• Australian soldiers conduct radio checks at the Taji Military Complex, Iraq. (Defence)
    Australian soldiers conduct radio checks at the Taji Military Complex, Iraq. (Defence)

The Department of Defence has sought to delay first pass approval for Battlefield Command Systems under Land 200 Phase 3.

The pause is until ‘at least’ February 2022. The Department attributes the delay to ‘overall movement in committee processes and Covid-19’.

The Land 200 program is designed to transition Army command from paper to digital, providing real-time situational awareness, combat planning tools and combat messaging. In 2017, then-Chief of Army LTGEN Angus Campbell described the program as the ‘highest priority’ in the Army.

Phase 1, which included a Battle Management System (BMS) for vehicles under Land 75, a BMS for soldiers under Land 125 Phase 3A, and vehicle comms under JP 2072 Phase 1, achieved Final Operational Capability in the first quarter of 2015, two years behind schedule.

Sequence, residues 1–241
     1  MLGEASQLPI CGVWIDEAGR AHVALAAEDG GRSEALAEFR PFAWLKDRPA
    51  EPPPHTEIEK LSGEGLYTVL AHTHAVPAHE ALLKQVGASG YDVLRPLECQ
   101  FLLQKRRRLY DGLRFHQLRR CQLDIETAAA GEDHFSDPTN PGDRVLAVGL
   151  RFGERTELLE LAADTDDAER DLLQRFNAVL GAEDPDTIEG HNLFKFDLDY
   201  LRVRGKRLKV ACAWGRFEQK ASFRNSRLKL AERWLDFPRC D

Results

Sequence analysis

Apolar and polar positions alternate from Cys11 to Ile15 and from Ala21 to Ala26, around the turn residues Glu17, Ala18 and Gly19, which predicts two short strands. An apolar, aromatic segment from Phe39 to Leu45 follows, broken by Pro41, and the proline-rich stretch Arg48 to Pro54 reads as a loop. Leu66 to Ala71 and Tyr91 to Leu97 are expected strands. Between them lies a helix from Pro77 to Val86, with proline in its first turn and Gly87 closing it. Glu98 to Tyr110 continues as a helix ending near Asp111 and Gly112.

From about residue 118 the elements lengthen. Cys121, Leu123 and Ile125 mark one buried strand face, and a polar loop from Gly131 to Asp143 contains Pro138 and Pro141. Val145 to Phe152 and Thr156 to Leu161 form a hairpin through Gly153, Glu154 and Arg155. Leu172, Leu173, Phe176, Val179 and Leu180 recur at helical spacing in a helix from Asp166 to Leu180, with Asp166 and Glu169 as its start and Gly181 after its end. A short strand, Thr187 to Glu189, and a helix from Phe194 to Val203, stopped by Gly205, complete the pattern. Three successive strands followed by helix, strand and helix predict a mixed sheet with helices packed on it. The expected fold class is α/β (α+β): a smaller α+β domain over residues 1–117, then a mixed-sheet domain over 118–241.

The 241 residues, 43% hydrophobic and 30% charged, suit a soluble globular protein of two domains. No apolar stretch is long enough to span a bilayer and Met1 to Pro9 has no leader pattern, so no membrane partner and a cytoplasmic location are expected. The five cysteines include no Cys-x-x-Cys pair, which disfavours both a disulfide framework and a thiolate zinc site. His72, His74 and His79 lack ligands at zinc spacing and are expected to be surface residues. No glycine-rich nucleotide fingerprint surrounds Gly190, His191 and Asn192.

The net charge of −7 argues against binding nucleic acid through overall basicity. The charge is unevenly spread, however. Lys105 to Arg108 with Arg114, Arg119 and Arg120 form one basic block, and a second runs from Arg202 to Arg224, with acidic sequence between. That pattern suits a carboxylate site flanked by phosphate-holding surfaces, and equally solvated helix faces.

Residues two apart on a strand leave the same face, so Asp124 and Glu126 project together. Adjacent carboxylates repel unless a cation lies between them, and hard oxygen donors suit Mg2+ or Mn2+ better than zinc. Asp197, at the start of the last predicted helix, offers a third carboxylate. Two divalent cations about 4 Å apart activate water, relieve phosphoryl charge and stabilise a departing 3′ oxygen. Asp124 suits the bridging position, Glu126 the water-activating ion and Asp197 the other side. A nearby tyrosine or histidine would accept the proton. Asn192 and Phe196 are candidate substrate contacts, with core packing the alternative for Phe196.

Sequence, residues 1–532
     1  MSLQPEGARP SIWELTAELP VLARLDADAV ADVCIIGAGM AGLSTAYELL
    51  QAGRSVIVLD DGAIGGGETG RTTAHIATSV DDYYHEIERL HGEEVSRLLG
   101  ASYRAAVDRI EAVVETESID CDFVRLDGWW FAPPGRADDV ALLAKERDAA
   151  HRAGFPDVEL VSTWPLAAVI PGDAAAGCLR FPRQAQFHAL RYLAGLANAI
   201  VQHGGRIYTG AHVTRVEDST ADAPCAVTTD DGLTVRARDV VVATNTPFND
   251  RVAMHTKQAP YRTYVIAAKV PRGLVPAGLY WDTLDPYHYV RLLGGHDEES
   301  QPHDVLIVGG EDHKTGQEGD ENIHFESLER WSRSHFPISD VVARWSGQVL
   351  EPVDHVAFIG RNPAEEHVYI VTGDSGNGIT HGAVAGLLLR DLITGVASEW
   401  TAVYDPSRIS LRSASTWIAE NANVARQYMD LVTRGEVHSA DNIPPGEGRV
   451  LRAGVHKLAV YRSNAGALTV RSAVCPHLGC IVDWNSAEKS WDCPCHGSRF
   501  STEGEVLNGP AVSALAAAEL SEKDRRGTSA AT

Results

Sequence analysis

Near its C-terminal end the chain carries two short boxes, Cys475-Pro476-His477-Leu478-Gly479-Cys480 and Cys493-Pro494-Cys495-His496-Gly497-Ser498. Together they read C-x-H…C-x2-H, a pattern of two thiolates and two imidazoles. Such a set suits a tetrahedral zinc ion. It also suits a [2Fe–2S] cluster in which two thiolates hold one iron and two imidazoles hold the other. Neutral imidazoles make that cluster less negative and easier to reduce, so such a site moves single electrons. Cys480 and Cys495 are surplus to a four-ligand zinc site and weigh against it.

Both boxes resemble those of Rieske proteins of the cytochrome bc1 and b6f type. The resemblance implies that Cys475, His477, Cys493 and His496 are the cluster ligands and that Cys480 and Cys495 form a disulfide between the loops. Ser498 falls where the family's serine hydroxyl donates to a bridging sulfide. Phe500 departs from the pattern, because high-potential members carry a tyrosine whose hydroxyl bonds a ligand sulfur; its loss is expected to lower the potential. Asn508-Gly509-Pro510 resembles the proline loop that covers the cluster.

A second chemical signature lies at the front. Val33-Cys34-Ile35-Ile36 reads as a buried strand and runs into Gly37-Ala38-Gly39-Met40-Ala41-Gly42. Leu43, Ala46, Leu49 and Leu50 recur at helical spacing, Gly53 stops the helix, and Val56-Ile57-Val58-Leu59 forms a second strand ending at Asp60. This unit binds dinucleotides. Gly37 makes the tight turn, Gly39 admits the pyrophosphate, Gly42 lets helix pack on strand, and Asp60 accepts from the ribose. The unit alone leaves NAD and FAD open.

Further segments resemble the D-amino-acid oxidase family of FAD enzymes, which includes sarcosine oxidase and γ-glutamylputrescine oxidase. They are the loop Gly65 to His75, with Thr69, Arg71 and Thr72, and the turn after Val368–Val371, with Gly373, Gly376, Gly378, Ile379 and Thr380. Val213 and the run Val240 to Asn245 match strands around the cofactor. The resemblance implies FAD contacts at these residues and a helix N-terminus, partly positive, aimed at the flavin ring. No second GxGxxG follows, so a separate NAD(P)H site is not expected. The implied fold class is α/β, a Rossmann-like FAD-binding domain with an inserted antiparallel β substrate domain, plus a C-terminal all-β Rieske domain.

Phase 2 includes radios under Land 2072 Phase 3 and BMS upgrades under Land 125 Phase 4, and achieved contract signature in 2017. It is expected to achieve Final Operational Capability in 2022. This part of the program came under fire from the Australian National Audit Office (ANAO) in May 2019 for exceeding original budgetary and capability remits.

Phase 3 includes expansion of the BCS across Army and select RAN and RAAF elements, a beyond line-of-sight comms capability, a dismounted battlefield command systems capability, and more. It is forecast to cost $1-2 billion with sustainment worth $60-90m annually over 15 years.

Defence says it will conduct its next industry engagement on Land 200 Phase 3 via an information session during MilCIS 2020.

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